Measure M opposition

Opponents of Measure M voice their position at a rally outside the Grand Theatre Center for the Arts in September. The initiative failed with 77 percent of voters voting no in the Nov. 6 general election.

Measure M, the affordable housing initiative, failed in the Tuesday general election by a whopping 3-to-1 margin.

The measure, once called the Attainable Workforce and Senior Housing Initiative, proposed to exempt more than 2,000 acres of land around Tracy from residential growth management ordinances, provided that the homes built there included deed-restricted senior housing or stood on no more than 4,000 square feet of property.

More than 77 percent of voters rejected the initiative, the end of one of the most expensive campaigns in Tracy history.

According to the most recent campaign documents filed in the last week of October, the Yes on M campaign raised more than $527,000 and spent almost all of it — $508,000 — to get 2,802 votes on Tuesday. To complete the David and Goliath metaphor, the Preserve Tracy-No on Measure M campaign raised about $4,800 and spent $3,689 and convinced 9,618 to check ‘No’ on their ballots. Dividing the dollars spent by the number of votes cast, the Yes on M campaign spent $181 for each affirmative vote while the No on M group spent 38 cents for each negative vote.

Farmer Mike Sandhu, who helped write Measure M and spoke with community groups about the initiative throughout the summer, released a statement Wednesday.

Measure M support

Measure M proponent Mike Sandhu still hopes to “help our kids, our seniors, and the middle class to own a home and live an American dream.”

“We started this issue when we found out that 22,000 kids in school, our seniors, and middle class are only allocated 50 homes/per year here in Tracy which will be affordable to them,” Sandhu wrote. “Despite the failure of Measure M, that fact remains the same. All the people who contested for Tracy council admitted that there is a crisis for middle class, and senior homes. They all wanted to support this initiative, however, they wanted it written differently.”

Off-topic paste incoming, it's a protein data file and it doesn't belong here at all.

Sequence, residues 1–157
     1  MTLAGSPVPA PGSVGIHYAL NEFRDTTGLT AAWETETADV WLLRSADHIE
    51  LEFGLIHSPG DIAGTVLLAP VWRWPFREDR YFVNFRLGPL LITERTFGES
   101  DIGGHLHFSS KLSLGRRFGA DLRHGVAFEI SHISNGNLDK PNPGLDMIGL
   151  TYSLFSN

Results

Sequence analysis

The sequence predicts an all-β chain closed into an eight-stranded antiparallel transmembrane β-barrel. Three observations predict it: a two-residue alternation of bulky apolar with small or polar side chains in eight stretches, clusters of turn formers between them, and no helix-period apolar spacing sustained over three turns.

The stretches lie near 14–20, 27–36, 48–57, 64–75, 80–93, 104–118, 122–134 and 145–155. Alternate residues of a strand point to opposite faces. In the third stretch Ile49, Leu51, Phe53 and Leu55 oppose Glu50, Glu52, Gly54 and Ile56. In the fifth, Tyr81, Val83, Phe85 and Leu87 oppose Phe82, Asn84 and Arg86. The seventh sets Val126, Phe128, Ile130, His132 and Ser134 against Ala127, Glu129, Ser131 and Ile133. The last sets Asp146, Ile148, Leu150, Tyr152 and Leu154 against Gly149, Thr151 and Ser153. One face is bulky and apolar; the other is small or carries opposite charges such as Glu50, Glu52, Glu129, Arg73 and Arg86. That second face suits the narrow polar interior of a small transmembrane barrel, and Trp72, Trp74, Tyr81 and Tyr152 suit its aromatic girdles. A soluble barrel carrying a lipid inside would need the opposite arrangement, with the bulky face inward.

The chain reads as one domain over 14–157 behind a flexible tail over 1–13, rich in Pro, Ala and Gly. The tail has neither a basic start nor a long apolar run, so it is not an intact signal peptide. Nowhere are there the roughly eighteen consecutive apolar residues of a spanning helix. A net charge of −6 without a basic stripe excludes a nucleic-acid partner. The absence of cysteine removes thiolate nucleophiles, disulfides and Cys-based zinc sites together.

Wendy Tocchini was part of a group of rural residents who organized to oppose M. She said Wednesday that they were “excited to see the outcome.”

“I think that growth in Tracy is inevitable. I know that our community looks forward to working closely with city officials to help plan that,” she added. “We’d like to have a place that we can all be proud to live in and pass on to future generations.”

Sandhu also suggested that outside influences helped sway voters but expressed hope that the City Council would take up the issue.

“The Democrat Party from Sacramento decided to go against Measure M in Tracy,” he wrote. “We knew we can’t fight against the Democrat Party, but we decided to keep the issue alive. Moving forward, I will hope our elected officials will find a solution for the crisis that we have. It doesn’t change anything from my end — my intention remains the same to help our kids, our seniors, and the middle class to own a home and live an American dream.”

Tocchini said outside influences were never a part of their campaign.

“We were a group of Tracy residents,” she said. “Many of us have lived here 30 years and we’re very interested in having Tracy, our city, continue to be a wonderful place.”

Cannabis tax measures

Both the city and county cannabis tax initiatives — Measure D and Measure B — failed to get the two-thirds majority needed to pass.

Measure D, written by the city, would have instituted a maximum tax of $12 per square foot of plant canopy for businesses engaged in the cultivation of cannabis; a maximum tax rate of 6 percent of gross receipts for businesses engaged in the retail sale of cannabis; and a maximum tax rate of 4 percent of gross receipts for all other cannabis businesses within Tracy.

The initiative got only 62 percent support from citizens.

Measure B proposed a countywide tax of between 3.5 percent and 8 percent of gross receipts on cannabis products, as well as $2 per square foot for nurseries. That initiative got 61 percent support among San Joaquin County voters.

City employees suggested before the election that if Measure D failed, the City Council should not pass an ordinance allowing two medical marijuana businesses within city limits. The council had voted last year to allow the two delivery-only businesses, but without a tax base to support increased regulatory and enforcement needs for the cannabis companies, the governing body could elect to not move forward.

See more election returns, including the race for City Council and member of Congress, on the Election 2018 page at All results are unofficial until certified by San Joaquin County Registrar of Voters Melinda Dubroff within 30 days of the election.

Contact the Tracy Press at or 835-3030.

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